QANTAS has sacked 6000 employees; the question that needs to be answered is about these Hunter apprentices who will have to relocate to Melbourne if they wish to keep their jobs ('220 jobs fly away', Newcastle Herald 26/6). If you have ever been an apprentice you would realise that their wage is very minimal, so I believe the cost of relocating to Melbourne should be covered by Qantas and the government.
Politicians have been screaming to get more young Australians into apprenticeships, and here is their chance to support some. Don't let them down or leave them behind, they've done nothing wrong. It's in our safety interests that we support these apprentices.
Graeme Kime, Cameron Park
Suburbs need more attention
NEWCASTLE City Council approved a 2.6 per cent increase in council rates for the 2020/2021 period.
For various reasons this increase was opposed by the minor parties of council. It was also reported the budget included a record spend of $116 million on capital works including a 1.1-kilometre cycleway from Merewether beach to The Junction at a cost of around $3.2 million and the vision of Llewellyn Street in Merewether at a cost of around $14 million.
Our residential street at Rankin Park was constructed in 1971 when the estate was developed, and since that time the road has obviously suffered the test of time. We have been in constant contact with council since early 2012 to have remediation work carried out, council advised the road needs to be rebuilt and every year we have been told it will be in next year's budget. Every year we have been ignored.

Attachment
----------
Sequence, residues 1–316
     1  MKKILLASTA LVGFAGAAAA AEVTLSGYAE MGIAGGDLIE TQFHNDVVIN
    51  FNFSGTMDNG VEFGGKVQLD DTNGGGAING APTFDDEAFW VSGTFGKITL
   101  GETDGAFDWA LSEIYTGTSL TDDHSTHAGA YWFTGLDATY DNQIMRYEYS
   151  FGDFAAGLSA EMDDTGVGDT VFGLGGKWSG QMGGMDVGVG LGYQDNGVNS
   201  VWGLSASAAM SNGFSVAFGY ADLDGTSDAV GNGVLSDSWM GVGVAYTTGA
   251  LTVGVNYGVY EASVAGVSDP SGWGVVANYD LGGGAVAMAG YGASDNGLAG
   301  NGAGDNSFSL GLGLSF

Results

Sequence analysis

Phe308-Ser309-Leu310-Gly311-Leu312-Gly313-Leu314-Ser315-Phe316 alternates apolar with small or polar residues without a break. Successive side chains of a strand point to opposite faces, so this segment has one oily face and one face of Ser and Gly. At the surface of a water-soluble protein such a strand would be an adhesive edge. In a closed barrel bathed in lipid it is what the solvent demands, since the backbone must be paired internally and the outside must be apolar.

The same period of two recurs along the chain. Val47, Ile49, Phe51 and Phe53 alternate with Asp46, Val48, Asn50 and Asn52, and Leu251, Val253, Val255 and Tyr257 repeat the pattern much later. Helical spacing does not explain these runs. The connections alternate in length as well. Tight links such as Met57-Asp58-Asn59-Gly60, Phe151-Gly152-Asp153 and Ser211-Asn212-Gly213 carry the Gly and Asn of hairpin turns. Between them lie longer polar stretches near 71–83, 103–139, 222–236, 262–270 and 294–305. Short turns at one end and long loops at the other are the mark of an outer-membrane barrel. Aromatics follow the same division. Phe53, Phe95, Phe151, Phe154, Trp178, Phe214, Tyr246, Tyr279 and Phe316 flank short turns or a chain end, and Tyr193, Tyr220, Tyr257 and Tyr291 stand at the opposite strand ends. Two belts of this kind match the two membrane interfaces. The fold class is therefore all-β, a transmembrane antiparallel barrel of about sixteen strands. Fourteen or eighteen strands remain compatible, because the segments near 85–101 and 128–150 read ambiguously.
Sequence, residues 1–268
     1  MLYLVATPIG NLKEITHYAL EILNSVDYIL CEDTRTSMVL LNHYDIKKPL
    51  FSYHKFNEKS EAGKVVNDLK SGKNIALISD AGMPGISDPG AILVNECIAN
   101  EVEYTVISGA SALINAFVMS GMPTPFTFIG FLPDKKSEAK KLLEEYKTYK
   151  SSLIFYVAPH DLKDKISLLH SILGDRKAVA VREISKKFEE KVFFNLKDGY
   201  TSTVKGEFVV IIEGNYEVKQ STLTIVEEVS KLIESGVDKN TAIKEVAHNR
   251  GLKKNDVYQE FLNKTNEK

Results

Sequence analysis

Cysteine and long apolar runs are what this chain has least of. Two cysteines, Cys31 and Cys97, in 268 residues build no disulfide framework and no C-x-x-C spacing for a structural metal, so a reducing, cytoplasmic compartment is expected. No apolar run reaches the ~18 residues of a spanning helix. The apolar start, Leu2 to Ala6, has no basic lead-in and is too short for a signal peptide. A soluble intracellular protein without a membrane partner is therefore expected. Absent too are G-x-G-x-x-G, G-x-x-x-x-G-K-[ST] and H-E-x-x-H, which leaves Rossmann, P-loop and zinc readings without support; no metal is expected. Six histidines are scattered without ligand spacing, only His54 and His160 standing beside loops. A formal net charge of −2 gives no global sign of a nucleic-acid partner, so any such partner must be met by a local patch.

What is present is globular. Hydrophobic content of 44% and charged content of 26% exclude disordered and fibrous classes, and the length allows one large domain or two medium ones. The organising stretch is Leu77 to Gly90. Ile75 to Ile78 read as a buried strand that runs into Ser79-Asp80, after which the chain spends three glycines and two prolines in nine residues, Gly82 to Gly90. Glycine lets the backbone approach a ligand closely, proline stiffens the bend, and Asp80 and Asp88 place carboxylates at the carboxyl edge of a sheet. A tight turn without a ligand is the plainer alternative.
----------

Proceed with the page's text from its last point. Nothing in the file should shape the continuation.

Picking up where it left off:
This is not an isolated case, as readers outside the city precinct can attest. I believe we, the major contributors to council coffers, have been totally ignored with respect to road maintenance and pavement issues which in turn become major safety concerns. It's time the council managed all shareholders' requirements and not just the minority in the city precinct. When the next elections roll around, we in the suburbs can make this a reality by remembering that what you vote for today you must endure tomorrow.
Peter Mullins, Rankin Park
Get moving on faster trains
SADLY the chances of seeing high speed rail along our east coast, in the foreseeable future, are low given the twin challenges of distance and low population density, but good planning would see us reserve a suitable corridor.